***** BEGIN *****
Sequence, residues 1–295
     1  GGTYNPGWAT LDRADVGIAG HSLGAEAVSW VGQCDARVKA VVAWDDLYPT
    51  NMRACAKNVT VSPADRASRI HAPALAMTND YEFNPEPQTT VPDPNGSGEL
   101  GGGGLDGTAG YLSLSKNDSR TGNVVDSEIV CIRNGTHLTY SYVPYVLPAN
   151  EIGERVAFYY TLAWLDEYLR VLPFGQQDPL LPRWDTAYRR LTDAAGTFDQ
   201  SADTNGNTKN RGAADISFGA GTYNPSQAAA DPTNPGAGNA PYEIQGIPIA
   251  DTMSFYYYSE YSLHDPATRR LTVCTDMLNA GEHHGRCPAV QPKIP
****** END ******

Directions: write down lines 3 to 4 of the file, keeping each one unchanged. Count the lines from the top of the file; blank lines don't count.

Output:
    51  NMRACAKNVT VSPADRASRI HAPALAMTND YEFNPEPQTT VPDPNGSGEL
   101  GGGGLDGTAG YLSLSKNDSR TGNVVDSEIV CIRNGTHLTY SYVPYVLPAN